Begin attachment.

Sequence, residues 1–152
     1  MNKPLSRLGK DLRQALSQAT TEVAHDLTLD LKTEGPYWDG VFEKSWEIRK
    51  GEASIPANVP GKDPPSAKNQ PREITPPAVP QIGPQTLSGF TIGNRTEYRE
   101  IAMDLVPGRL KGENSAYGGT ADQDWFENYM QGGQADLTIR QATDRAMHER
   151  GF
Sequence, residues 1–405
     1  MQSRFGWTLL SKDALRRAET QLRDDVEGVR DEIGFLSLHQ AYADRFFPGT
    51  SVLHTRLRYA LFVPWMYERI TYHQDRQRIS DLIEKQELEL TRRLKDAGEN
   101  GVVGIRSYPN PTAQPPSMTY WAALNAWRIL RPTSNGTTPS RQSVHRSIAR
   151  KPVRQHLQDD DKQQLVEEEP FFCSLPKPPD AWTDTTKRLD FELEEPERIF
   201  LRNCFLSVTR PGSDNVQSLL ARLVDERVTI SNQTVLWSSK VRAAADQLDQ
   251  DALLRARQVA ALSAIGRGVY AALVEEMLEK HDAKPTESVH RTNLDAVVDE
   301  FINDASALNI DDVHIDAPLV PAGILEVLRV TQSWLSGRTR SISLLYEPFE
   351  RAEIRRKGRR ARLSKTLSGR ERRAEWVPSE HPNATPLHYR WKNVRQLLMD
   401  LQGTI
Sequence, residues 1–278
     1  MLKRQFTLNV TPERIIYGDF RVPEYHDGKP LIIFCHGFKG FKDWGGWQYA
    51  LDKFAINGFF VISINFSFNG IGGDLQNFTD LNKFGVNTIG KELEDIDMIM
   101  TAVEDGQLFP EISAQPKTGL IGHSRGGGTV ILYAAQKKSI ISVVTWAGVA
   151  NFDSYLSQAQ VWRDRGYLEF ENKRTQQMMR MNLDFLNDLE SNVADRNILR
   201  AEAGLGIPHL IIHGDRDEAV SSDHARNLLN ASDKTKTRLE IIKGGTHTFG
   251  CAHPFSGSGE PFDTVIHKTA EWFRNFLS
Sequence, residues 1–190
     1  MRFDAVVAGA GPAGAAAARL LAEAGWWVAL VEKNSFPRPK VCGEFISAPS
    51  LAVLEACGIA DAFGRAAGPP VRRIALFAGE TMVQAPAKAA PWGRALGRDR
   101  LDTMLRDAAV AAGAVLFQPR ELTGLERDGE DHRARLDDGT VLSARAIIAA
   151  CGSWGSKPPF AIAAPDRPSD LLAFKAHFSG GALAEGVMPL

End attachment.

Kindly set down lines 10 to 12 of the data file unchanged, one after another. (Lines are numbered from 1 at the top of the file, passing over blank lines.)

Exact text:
   151  KPVRQHLQDD DKQQLVEEEP FFCSLPKPPD AWTDTTKRLD FELEEPERIF
   201  LRNCFLSVTR PGSDNVQSLL ARLVDERVTI SNQTVLWSSK VRAAADQLDQ
   251  DALLRARQVA ALSAIGRGVY AALVEEMLEK HDAKPTESVH RTNLDAVVDE